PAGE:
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The Real Paul Ryan

He voted to add $6.8 trillion to the national debt

Sep. 5, 2012
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Wisconsin Congressman Paul Ryan is taking a beating from fact-checkers, who have had to work overtime to try to verify the claims he made last week when accepting the nomination for vice president at the Republican National Convention.

Perhaps Ryan's biggest whopper was this statement:

“Back in 2008,” Ryan said, “candidate Obama called a $10 trillion national debt 'unpatriotic'—serious talk from what looked to be a serious reformer. Yet by his own decisions, President Obama has added more debt than any other president before him, and more than all the troubled governments of Europe combined. One president, one term, $5 trillion in new debt.”

This may make Ryan sound like an earnest, serious budget-cutter, but in reality he sounds like he has amnesia and has forgotten what happened when he was casting votes in Congress when George W. Bush was in the White House.

Paul Ryan entered Congress in 1999. When his first term ended in 2001, outgoing President Bill Clinton handed Bush a budget surplus and a modest national debt of $5.6 trillion, much of it a carry-over from the massive military spending during the Cold War.

Then Bush, along with loyal Republican Ryan, went on a spending spree, which turned the budget surplus into a budget deficit and added to the national debt.

Alleged budget hawk Ryan supported Bush policies that added to the national debt, such as the Bush tax cuts ($1.7 trillion between 2001 and 2008) and their $620 billion extension, the bank bailout ($224 billion), the Iraq war ($853 billion) and Medicare Part D ($180 billion), among them.

Overall, the Center for American Progress found that Ryan voted for “at least 65 separate pieces of deficit and debt-increasing legislation, with the total tab for all these votes a whopping $6.8 trillion in cumulative deficits.”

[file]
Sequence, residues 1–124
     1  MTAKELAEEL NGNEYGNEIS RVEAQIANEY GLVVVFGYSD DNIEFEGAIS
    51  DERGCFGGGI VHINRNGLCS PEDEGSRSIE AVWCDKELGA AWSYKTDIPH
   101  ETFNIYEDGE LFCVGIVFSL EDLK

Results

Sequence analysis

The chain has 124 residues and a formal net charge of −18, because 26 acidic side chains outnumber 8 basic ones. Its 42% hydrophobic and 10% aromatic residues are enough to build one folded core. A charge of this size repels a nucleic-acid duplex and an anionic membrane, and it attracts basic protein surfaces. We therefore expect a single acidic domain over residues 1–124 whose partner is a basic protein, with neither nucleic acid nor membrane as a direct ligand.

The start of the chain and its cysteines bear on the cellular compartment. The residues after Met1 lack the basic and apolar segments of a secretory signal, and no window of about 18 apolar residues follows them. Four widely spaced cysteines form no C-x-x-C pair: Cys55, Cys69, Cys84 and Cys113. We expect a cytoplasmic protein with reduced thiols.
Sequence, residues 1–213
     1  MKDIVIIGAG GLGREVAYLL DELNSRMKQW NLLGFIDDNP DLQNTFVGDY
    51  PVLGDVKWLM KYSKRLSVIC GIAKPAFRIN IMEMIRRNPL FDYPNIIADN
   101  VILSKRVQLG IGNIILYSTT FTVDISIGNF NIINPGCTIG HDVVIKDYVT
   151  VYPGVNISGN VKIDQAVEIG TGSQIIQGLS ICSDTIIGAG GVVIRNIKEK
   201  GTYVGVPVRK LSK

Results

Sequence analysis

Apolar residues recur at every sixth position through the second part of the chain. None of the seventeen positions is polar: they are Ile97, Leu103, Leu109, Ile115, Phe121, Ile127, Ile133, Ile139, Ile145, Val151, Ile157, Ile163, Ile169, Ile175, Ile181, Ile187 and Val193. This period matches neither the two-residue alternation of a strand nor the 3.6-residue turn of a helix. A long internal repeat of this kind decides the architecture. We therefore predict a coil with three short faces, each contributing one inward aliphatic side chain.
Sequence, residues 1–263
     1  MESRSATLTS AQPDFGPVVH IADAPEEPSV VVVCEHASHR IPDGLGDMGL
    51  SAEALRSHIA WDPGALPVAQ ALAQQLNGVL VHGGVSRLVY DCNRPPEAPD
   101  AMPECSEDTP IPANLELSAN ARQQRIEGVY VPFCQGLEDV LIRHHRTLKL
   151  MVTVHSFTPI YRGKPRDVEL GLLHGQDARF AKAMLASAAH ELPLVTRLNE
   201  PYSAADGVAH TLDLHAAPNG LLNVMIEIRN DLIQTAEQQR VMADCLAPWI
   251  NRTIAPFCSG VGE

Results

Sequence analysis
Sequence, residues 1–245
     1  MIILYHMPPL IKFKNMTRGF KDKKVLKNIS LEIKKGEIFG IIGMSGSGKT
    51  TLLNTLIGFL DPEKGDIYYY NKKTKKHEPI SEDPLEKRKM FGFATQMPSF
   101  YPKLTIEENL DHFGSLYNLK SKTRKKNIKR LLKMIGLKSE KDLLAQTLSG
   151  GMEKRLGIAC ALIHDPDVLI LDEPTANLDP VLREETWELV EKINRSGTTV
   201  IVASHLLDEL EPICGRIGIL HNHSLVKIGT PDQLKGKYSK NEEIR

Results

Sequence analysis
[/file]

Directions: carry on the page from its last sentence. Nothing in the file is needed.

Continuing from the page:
Bush and Ryan's spending spree and whopping tax cuts almost doubled the national debt from $5.6 trillion to more than $10 trillion, which they handed over to Obama in January 2009. Obama has added almost $5 trillion to the debt because of the existence of the Bush tax cuts (reducing the amount of revenue the government can take in); the weakened economy Obama inherited, which further reduces tax revenue; the interest on the $10 trillion he also inherited from Bush; the final years of the Iraq and Afghan wars; and the increased spending on safety net programs to support those who are jobless as a result of the recession.

So Bush and Ryan were handed a budget surplus, which they turned into a deficit, and they remain blameless in Ryan's eyes, yet Obama inherited the Great Recession, two wars and low tax revenues and Ryan blames him for adding to the national debt.

In addition, Ryan alleged that Obama failed to support the Simpson-Bowles deficit commission. In reality, Ryan was a member of that commission and rejected its recommendations to tackle spending.

Also curiously missing from Ryan's speech was his plan to drastically cut federal spending to eliminate the debt.

What Ryan didn't tell you is that his plan would not balance the budget until 2040 at the earliest. There's a good reason for that. Ryan plans to cut federal spending drastically, especially on programs that aid students, seniors, the poor and the middle class. But instead of using those savings to balance the budget, Ryan plans to hand the wealthiest Americans even bigger tax breaks than they enjoy now.

Another tidbit Ryan left out of his speech: Ronald Reagan's budget director David Stockman assessed Ryan's budget plan as doing “nothing to reverse the nation's economic decline and arrest its fiscal collapse,” adding that Ryan's plan is “devoid of credible math or hard policy choices.”


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